The media have filled his sails too, because his story, after all, is remarkable.

It began, of course, with his doomed mission over the skies of Hanoi in 1965 when he was shot down. He survived but spent five-and-a-half years in captivity and suffered terrible physical abuse.

That, of course, is part of what makes Mr McCain a natural hero to so many American voters. (And why he is able to attract independents and maybe a few Democrats too.) It is also the bedrock of his reputation as by far the strongest of the Republican candidates on matters of national security and foreign policy. If there is a danger in this, it is that Mr McCain sometimes gives the impression that these are the only topics he really likes to talk about. For sure, he made brief reference to the economy here in Boston too but, as usual, he lingered far longer on what he likes to call the "transcendent challenge of our times – radical Islamic extremism".

The narrative of this election season is compelling too, because it was only a few months ago when Mr McCain, after starting out as the putative front-runner, suddenly saw his campaign sputter, starved of support and of cash. Indeed, there was a period in late summer last year when all the chatter was that he would throw in the towel.

The transformation in his fortunes has been probably been too rapid even for Mr McCain to grasp. He only managed to raise enough money to stay in the race last summer by taking out a special life insurance policy to satisfy a lender who was afraid the candidate might die before the campaign was over. "My life has been one of several narrow escapes to say the least," he tells Faneuil Hall.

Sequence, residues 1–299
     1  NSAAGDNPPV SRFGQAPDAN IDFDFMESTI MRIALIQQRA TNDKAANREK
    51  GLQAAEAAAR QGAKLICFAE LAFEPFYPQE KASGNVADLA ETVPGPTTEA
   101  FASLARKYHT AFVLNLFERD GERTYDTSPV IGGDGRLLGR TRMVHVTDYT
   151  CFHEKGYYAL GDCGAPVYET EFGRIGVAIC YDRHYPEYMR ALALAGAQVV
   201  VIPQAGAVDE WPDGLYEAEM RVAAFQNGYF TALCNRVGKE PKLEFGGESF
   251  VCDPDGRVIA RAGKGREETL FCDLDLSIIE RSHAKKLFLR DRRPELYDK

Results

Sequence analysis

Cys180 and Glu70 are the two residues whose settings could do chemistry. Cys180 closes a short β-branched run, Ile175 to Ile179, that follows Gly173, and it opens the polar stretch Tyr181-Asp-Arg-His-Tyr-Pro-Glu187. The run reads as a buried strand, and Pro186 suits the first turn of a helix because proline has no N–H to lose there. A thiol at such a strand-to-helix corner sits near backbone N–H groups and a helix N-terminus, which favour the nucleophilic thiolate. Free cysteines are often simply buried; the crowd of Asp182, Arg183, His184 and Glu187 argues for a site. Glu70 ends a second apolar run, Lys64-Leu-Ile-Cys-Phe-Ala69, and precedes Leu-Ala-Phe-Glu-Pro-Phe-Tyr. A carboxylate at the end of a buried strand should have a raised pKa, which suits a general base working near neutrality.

How different things were for McCain even just two weeks ago, before his breakthrough in South Carolina. No longer does he rattle across American landscapes in his "Straight Talk Express" bus, whichwas short on all luxuries, with coats and TV cameras piled into the on-board lavatory. Travel with him now and you are almost in White House Class. Food and drink flow generously and instead of balancing himself in the aisle of a bus, the candidate is milling with reporters in the aisle of his newly chartered jet.

You do not have to dig too far into Mr McCain's record to find examples of him flame-torching his own colleagues. In a legal deposition, he once accused the current Senate Minority Leader Mitch McConnell of trying to stave off legislation harmful to the tobacco industry because of the generous donations it gave to Republican legislators. He has been heard to throw curse words at another senator for apparently failing to do his homework properly on immigration legislation and to accuse another of "egregious behaviour" in connection with a particular defence contract.

On the stump even now, one of his favourite themes is the habit of colleagues – from both parties – to attach so-called pork-barrel earmarks to spending bills, designed to funnel federal money to pet projects in their own states. The most famous case he always mentions is "the bridge to nowhere" – $30m (£15m) engineered by Ted Stevens, the Republican Senator from Alaska, for a bridge to an island with 50 inhabitants. On this and other issues you glimpse that passion that can put fear into others so often back in Washington.

Here in Boston, he conjures the word "evil" twice, once in connection with Islamic terrorists and Osama bin Laden – "If I have to follow him to the gates of Hell I will get Osama bin Laden and bring him to justice" – and the second time on the plague of earmarks, which in the past two years, he claims, have cost US taxpayers $35bn. "When that kind of spending goes on, it breeds evil," he says.